Guatemala is facing a “long and complicated” process, Dejuan Mihailovic, Professor of Social Studies and International Relations at Monterrech Tech told CNN Mexico, “Leaders do not normally not mention this subject. For the first time we have a leader in power who realizes that current strategies are not the best”, said Mihailovic.

If  Guatemala were to reach a multilateral regional agreements, “The United States would have to question if their current strategy is the correct one and change it”, said Mihailovic,  stressing the need to involve all affected parties.

 

(…)

Date: 6 March 2012

Translated from: http://mexico.cnn.com/mundo/2012/03/06/biden-visita-honduras-en-medio-del-debate-sobre-despenalizar-las-drogas

Suggested reading  The Rights of the People and more on the War on Drugs

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(2) Readers Comments

  1. An appeal to all Prohibitionists:

    Most of us know that individuals who use illegal drugs are going to get high – no matter what, so why do you not prefer they acquire them in stores that check IDs and pay taxes? Even if we could afford to put anti-narcotic police on every single street corner, we also know that at least half of them would soon become dealers themselves. Gifting the market in dangerous narcotics to ruthless criminals, foreign terrorists and corrupt law enforcement officials is seriously compromising our children’s, and grandchildren’s, future.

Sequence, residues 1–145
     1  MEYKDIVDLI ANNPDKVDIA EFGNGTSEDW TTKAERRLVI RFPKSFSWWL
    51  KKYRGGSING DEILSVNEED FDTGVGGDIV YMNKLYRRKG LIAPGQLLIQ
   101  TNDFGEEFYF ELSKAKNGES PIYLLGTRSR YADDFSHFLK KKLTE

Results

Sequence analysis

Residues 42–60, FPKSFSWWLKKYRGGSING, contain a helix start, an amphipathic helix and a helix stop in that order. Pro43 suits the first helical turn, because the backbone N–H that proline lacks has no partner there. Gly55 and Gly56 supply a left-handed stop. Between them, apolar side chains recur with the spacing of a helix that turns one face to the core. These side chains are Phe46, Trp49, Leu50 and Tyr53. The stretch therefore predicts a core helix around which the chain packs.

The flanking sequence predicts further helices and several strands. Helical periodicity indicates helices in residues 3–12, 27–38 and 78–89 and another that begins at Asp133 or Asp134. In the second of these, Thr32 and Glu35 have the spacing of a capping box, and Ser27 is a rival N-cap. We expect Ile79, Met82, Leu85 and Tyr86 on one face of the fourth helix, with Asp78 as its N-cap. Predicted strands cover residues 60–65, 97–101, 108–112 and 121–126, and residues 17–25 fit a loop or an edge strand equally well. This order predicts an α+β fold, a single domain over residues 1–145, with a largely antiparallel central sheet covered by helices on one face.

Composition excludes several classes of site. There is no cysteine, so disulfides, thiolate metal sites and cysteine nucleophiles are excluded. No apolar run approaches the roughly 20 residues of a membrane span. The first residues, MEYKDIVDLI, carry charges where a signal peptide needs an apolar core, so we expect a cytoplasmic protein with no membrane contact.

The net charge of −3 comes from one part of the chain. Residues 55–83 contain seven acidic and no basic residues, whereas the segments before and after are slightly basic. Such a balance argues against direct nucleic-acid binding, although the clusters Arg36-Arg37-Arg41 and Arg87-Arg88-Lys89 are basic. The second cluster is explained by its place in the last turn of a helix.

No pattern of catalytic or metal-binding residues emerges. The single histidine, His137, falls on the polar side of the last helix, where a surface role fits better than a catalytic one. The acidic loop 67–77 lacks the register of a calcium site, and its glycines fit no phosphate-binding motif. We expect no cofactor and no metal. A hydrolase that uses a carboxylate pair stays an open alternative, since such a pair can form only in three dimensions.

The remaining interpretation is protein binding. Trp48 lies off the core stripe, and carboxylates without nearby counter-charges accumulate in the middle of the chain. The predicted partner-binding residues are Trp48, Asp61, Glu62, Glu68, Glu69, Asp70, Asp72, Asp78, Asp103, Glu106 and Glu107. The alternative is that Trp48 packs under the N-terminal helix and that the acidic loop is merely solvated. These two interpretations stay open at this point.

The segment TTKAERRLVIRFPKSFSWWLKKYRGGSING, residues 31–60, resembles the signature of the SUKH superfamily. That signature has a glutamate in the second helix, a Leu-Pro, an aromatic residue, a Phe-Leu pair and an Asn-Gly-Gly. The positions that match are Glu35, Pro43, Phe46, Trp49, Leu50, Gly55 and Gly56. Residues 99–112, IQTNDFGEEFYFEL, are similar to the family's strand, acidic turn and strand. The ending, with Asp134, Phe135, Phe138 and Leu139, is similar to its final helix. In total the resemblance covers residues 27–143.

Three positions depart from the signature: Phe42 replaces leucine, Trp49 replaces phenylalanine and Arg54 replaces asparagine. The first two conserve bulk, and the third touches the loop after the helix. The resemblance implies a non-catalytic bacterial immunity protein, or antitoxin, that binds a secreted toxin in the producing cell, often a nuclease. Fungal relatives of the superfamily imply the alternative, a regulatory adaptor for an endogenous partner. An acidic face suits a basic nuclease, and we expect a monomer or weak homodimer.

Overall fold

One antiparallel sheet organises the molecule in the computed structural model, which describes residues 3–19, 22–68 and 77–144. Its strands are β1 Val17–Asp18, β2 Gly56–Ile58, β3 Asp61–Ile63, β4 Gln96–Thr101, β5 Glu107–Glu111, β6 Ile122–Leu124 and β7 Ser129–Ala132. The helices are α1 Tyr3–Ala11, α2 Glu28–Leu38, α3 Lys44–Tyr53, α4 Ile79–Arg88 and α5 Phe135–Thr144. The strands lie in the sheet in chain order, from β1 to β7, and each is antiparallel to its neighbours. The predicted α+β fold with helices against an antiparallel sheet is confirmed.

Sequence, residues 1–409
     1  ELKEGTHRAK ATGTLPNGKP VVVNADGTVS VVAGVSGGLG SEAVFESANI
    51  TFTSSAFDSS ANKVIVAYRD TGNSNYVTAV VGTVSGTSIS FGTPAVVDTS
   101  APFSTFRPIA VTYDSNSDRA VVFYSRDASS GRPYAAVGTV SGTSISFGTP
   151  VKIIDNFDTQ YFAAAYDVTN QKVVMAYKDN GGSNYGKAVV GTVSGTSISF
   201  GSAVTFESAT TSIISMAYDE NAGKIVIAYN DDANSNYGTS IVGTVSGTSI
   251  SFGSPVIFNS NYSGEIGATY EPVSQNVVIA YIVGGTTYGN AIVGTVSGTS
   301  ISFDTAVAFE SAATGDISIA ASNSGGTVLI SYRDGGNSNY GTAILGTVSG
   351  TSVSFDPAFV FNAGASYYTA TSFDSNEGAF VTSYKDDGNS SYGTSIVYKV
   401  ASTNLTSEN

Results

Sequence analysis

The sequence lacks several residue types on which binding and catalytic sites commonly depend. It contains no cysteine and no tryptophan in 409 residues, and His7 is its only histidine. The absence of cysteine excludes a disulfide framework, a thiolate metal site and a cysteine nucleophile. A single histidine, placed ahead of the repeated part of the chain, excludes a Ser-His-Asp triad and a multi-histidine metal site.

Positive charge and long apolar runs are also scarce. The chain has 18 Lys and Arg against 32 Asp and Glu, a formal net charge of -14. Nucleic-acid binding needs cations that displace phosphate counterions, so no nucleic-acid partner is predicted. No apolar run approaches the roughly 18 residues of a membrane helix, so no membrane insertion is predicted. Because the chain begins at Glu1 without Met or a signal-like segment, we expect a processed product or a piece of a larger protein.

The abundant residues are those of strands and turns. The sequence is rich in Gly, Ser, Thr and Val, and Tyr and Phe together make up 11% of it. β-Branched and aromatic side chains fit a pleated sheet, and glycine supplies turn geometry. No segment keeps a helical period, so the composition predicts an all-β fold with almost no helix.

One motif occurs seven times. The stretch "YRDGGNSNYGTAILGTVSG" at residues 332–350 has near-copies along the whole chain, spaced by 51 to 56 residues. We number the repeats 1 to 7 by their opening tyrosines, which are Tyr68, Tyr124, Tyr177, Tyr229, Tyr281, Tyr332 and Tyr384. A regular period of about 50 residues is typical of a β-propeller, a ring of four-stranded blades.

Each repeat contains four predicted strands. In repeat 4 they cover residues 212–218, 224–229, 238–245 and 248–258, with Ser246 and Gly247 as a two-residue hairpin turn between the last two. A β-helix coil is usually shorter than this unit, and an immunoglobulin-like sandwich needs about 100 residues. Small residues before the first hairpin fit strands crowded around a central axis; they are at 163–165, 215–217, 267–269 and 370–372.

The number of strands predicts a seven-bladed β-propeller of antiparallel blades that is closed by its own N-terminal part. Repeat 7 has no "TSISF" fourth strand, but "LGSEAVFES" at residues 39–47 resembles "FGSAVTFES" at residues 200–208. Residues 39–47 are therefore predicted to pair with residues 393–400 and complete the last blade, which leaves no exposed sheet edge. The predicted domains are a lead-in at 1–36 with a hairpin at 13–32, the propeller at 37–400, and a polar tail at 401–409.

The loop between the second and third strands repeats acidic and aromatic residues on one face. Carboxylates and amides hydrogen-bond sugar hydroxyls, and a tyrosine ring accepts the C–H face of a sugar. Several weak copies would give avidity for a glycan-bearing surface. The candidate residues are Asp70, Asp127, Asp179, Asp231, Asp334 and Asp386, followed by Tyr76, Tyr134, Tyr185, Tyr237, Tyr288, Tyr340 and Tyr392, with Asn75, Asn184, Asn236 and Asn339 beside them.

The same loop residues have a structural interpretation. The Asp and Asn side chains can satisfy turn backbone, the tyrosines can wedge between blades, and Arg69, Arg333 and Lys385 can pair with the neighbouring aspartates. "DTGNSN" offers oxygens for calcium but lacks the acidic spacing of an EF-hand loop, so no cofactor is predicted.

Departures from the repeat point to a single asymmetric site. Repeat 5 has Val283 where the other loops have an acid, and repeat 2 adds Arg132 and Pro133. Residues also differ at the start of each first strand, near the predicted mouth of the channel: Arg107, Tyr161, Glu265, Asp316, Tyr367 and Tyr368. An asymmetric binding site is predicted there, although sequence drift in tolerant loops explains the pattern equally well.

We simply cannot continue with a policy that has proven itself to be a poison in the veins of practically every free nation on this planet. Even if you cannot bear the thought of people using drugs, there is absolutely nothing you, or any government, can do to stop them. We have spent 40 years and trillions of dollars on this dangerous farce; Prohibition will not suddenly and miraculously start showing different results.

    Do you actually believe you may personally have something to lose If we were to begin basing drug policy on science & logic instead of ignorance, hate and lies? Maybe you’re a police officer, a prison guard or a local/national politician. Possibly you’re scared of losing employment, overtime-pay, the many kick-backs and those regular fat bribes. But what good will any of that do you once our society has followed Mexico over the dystopian abyss of dismembered bodies, vats of acid and marauding thugs carrying gold-plated AK-47s with leopard-skinned gunstocks?

    Kindly allow us to forgo the next level of your sycophantic prohibition-engendered mayhem!

    Prohibition Prevents Regulation : Legalize, Regulate and Tax!

  2. Es importante analizar con calma este tema y me alegra que sea discutido en Cartagena.

    Por otro lado es necesario realizar estudios para determinar si nuestra población está preparada para este cambio.

    Desde mi perspectiva es mejor la legalizaión que el comercio clandestino, al menos pagarían impuestos!